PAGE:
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Suicide and Self-harm - The Challenge for Front line Staff

Jones, Kerry and Mallon, Sharon (2018). Suicide and Self-harm - The Challenge for Front line Staff. In: Suicide & Self Harm – The Challenge for Front Line Staff, 21 Jun 2018, UNISON Belfast, Northern Ireland, UK.

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Abstract

Presentation with suicidal ideation is a key opportunity to engage with people. The needs of this vulnerable group and their fears about presenting with suicide and self-harm is poorly understood. From research I have undertaken participants have reported avoiding A and E wherever possible. When they do, they do so with feelings of shame and unworthiness. These feelings have reportedly been reinforced with what they people perceive as punitive treatment perpetuating a cycle of shame, avoidance and further self-harm and suicide (Owens, example if needs be). Positive encounters on the other hand mirrored situations in the care received was delivered with compassion which had the potential to challenge negative self-evaluation.

Definitions: An internationally agreed definition.

Self harm: “An act with non-fatal outcome in which an individual deliberately initiates a non-habitual behaviour, that without intervention from others will cause self-harm, and which is aimed at realising changes that the person desires via the actual expected physical consequences.”

Suicidal ideation: “Acts of suicidal ideation include presentation to the ED by persons who have experienced thoughts of self-harm and, or suicide, where no physical act to harm oneself has taken place.”

Knowledge exchange seminar series (2015-2016) Queen’s University Belfast, The Open University, Ulster University.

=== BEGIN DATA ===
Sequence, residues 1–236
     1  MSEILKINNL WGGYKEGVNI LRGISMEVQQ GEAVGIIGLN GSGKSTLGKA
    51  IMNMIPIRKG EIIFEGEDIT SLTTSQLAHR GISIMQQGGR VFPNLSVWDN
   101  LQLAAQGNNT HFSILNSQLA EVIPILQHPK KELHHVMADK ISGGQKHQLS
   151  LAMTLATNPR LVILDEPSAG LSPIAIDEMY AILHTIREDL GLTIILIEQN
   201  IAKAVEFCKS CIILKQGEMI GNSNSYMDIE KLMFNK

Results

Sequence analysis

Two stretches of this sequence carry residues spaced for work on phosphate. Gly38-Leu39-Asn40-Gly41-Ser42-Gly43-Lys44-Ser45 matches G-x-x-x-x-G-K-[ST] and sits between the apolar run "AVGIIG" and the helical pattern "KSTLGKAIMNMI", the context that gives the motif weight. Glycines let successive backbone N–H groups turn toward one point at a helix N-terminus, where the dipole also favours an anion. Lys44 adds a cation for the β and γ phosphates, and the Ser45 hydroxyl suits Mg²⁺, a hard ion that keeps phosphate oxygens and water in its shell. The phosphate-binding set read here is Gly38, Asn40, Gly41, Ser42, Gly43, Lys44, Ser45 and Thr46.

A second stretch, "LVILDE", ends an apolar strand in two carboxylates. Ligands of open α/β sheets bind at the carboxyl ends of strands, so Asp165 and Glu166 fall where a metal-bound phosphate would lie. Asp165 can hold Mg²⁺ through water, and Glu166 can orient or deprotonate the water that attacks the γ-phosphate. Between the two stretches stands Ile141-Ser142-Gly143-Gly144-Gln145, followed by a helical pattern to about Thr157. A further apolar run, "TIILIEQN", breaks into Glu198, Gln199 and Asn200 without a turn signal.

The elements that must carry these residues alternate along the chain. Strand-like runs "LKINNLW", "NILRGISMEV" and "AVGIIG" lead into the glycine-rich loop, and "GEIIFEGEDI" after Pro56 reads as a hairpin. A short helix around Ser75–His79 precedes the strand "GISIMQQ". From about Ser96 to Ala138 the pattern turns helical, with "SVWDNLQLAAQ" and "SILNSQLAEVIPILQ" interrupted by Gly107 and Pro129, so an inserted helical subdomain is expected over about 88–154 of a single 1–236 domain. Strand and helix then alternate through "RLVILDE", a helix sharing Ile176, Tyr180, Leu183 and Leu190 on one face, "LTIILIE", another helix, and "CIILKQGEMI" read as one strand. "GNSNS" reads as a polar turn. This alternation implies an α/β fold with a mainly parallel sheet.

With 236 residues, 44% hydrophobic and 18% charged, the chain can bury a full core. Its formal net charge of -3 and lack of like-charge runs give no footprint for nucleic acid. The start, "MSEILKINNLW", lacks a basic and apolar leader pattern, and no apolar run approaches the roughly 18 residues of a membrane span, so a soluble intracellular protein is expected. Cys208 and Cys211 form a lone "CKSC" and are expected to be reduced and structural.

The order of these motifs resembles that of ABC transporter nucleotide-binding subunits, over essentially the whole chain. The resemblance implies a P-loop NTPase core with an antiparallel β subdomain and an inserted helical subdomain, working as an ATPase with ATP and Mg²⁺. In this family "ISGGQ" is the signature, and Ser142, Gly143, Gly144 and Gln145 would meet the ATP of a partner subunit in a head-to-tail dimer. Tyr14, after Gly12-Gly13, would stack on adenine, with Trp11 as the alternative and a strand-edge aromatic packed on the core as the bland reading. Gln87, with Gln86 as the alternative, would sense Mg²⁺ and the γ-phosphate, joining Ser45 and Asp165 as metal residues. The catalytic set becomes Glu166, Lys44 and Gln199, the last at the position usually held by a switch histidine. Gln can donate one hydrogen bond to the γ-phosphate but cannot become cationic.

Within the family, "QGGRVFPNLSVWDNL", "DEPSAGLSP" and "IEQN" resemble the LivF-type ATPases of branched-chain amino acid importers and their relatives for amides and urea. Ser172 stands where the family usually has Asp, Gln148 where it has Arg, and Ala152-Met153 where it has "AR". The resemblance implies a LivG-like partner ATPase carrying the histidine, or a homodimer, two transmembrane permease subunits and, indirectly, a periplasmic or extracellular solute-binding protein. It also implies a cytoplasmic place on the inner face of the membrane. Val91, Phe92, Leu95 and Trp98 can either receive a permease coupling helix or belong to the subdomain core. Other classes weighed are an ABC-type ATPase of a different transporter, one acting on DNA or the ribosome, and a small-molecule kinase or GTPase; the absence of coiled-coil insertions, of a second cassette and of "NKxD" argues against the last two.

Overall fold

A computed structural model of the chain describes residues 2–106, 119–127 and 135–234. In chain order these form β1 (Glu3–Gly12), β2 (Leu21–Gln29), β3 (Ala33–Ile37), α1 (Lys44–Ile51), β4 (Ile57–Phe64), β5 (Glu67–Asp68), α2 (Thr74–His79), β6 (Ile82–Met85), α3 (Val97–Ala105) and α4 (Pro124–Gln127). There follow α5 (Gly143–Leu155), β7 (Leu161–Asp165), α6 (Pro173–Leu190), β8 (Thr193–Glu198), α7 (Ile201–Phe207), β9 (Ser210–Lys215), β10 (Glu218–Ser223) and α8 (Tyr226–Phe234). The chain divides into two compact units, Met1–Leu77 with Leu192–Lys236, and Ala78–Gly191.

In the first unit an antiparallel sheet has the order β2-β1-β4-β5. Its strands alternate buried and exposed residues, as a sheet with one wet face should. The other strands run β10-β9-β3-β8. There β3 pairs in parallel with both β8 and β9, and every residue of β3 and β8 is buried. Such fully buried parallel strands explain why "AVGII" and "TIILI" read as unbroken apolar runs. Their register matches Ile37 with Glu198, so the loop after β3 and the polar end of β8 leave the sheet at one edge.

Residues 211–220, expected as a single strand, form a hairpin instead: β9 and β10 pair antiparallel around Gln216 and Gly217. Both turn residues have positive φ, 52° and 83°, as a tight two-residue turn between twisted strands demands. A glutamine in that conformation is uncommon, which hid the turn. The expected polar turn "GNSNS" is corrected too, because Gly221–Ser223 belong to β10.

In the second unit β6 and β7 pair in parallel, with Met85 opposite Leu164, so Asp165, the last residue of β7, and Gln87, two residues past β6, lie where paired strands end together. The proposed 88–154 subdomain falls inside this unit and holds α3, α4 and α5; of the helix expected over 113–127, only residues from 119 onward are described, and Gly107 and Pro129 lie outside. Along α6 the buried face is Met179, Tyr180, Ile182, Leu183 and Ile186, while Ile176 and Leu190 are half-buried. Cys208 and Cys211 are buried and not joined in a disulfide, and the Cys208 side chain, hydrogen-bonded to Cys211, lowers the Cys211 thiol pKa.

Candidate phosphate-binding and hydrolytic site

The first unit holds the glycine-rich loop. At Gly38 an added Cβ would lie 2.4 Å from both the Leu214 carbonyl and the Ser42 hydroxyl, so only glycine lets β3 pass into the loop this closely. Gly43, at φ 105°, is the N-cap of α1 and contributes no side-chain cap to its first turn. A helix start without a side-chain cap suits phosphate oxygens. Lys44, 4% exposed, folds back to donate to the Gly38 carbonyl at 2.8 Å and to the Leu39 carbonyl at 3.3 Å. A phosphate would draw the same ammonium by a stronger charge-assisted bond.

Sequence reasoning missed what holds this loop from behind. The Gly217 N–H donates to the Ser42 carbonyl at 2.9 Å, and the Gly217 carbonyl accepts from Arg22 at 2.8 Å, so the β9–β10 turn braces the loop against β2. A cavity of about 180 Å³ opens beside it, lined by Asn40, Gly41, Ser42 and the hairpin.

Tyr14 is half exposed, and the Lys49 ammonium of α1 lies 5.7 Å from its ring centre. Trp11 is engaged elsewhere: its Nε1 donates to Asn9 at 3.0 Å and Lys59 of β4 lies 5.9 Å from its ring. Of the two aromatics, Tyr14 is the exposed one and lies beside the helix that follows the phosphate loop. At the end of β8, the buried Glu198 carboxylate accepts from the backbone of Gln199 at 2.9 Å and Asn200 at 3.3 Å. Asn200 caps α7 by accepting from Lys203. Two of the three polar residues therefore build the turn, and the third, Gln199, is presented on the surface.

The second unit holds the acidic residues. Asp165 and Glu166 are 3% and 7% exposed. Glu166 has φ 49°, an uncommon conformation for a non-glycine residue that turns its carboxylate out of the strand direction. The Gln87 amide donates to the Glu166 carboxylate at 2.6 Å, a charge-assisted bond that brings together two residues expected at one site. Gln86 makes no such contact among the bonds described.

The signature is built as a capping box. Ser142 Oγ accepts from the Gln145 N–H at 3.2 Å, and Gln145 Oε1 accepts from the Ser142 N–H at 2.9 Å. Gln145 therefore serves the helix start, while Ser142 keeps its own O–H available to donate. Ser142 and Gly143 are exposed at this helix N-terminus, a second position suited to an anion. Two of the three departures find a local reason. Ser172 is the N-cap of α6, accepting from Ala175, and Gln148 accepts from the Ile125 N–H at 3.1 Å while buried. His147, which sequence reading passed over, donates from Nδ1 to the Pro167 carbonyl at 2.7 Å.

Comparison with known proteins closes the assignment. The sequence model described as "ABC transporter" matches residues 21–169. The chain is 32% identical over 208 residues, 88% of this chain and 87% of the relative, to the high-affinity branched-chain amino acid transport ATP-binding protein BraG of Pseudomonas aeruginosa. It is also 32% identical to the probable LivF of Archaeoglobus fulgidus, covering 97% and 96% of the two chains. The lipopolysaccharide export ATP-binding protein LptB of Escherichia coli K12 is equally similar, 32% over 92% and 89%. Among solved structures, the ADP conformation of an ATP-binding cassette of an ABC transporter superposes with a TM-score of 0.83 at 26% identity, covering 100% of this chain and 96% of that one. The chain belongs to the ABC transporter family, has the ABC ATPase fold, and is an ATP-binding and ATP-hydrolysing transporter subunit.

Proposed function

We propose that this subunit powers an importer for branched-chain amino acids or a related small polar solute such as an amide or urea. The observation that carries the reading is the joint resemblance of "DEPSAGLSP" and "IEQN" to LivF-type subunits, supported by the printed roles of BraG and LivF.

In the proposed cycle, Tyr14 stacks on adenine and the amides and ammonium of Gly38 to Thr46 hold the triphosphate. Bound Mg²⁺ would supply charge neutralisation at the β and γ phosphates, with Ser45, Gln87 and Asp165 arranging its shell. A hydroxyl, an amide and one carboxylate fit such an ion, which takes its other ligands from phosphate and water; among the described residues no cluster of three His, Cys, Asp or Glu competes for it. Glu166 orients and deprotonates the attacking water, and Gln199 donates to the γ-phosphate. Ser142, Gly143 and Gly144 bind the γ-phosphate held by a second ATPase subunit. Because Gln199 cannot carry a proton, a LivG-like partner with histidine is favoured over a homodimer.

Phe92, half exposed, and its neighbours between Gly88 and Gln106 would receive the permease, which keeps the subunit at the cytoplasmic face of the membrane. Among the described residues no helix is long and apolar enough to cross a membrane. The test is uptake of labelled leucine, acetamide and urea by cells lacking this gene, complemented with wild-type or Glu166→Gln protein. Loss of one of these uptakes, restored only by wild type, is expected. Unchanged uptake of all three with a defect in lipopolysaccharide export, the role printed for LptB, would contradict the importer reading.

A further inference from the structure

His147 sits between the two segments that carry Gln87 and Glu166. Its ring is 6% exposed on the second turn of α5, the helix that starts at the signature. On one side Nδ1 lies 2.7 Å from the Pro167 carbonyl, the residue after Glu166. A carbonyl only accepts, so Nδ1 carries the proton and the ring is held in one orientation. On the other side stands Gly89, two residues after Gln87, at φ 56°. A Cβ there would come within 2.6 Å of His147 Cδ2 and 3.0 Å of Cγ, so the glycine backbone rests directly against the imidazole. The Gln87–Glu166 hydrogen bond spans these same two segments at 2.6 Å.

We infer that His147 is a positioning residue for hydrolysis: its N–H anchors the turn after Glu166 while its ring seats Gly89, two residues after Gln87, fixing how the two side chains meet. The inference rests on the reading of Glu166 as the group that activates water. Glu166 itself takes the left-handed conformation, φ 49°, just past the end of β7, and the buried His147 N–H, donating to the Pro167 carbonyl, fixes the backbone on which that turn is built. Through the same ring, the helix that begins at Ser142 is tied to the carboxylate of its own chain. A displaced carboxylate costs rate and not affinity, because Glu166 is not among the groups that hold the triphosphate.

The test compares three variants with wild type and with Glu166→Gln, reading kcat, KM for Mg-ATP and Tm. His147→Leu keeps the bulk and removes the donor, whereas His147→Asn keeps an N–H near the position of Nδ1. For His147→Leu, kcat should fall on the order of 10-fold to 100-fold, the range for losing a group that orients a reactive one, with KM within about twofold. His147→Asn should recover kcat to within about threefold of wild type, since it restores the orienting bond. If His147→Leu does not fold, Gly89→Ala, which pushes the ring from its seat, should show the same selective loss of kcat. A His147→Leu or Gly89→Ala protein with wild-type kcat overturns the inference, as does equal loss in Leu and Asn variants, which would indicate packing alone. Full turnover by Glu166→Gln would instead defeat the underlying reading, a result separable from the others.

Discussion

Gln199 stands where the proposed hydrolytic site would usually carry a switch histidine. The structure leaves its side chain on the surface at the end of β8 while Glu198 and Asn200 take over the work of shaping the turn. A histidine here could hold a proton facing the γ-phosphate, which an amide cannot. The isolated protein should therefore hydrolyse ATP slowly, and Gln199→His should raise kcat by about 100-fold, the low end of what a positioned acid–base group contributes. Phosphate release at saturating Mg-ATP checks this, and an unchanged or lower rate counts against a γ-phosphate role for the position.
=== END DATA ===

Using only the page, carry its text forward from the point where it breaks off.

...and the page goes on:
While we know there are certain ages and groups of people at particular risk, my focus here today is on young people.

What are some of the things that drive people to think about suicide or engage in self-harm?

* Personal catastrophes such as being made redundant, break up of a relationship, grief, conflict within the home or members of the community.
* A persistent sense of worthlessness or failure, uncertainty about sexual identity or personal goals
* Ideas about successful life goals which they see other people doing such as getting married, going to university, getting new jobs, house etc. and being left behind.
* A combination of all the above together with a series of setbacks which can be devastating.

Item Type: Conference or Workshop Item
Keywords: suicide; self-harm; depression; suicidal ideation; paramedics; nurses
Academic Unit/School: Faculty of Wellbeing, Education and Language Studies (WELS) > Health, Wellbeing and Social Care > Health and Social Care
Faculty of Wellbeing, Education and Language Studies (WELS) > Health, Wellbeing and Social Care
Faculty of Wellbeing, Education and Language Studies (WELS)
Research Group: Health and Wellbeing PRA (Priority Research Area)
Item ID: 55748
Depositing User: Kerry Jones
Date Deposited: 17 Jul 2018 10:12
Last Modified: 02 May 2019 10:38
URI: http://oro.open.ac.uk/id/eprint/55748
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